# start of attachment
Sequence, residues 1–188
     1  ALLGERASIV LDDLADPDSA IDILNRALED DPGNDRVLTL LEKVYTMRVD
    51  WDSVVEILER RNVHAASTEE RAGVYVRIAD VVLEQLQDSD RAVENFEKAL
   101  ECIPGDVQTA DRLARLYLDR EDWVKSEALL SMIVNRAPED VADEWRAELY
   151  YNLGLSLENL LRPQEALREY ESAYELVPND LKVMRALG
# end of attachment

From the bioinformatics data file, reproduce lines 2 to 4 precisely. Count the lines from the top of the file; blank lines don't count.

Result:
     1  ALLGERASIV LDDLADPDSA IDILNRALED DPGNDRVLTL LEKVYTMRVD
    51  WDSVVEILER RNVHAASTEE RAGVYVRIAD VVLEQLQDSD RAVENFEKAL
   101  ECIPGDVQTA DRLARLYLDR EDWVKSEALL SMIVNRAPED VADEWRAELY